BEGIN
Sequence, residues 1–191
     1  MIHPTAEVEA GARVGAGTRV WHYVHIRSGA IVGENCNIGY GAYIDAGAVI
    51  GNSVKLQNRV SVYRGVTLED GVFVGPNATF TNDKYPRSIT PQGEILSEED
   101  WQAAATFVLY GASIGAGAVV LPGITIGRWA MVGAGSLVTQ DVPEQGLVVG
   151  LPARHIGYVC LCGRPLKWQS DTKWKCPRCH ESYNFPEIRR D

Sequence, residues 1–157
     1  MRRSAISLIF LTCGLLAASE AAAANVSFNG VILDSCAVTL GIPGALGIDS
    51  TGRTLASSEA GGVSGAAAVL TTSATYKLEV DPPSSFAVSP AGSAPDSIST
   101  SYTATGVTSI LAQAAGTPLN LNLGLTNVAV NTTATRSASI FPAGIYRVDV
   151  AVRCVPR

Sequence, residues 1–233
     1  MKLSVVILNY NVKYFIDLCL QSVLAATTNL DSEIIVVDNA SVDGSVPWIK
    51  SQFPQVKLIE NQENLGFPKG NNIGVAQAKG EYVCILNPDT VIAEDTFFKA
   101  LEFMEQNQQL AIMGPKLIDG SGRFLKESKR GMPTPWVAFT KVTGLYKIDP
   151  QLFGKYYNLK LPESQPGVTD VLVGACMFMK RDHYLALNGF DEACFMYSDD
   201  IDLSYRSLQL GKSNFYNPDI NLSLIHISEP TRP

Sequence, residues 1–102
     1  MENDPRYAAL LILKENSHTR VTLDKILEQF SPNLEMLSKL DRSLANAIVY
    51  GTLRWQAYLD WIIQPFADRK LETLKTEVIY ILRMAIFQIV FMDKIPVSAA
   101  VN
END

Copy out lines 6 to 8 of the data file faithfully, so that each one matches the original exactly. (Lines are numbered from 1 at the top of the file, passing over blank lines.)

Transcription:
Sequence, residues 1–157
     1  MRRSAISLIF LTCGLLAASE AAAANVSFNG VILDSCAVTL GIPGALGIDS
    51  TGRTLASSEA GGVSGAAAVL TTSATYKLEV DPPSSFAVSP AGSAPDSIST